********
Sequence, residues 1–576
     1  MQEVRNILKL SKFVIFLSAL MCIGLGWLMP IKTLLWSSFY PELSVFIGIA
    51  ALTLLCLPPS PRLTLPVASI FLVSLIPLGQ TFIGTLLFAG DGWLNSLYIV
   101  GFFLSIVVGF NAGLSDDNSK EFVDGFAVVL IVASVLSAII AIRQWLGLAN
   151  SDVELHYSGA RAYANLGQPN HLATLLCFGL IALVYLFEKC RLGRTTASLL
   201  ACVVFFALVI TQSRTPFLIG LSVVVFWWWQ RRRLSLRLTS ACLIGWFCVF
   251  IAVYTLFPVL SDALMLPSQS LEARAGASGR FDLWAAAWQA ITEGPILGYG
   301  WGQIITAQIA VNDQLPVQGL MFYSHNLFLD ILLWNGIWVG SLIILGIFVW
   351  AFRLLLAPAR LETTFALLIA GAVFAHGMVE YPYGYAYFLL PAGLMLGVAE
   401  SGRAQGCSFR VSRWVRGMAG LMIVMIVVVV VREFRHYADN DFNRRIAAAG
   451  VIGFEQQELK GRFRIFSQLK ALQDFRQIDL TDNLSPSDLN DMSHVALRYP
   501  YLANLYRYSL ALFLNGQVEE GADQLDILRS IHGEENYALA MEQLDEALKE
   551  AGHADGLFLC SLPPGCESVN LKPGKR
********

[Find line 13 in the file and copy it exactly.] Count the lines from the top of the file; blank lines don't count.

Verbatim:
   551  AGHADGLFLC SLPPGCESVN LKPGKR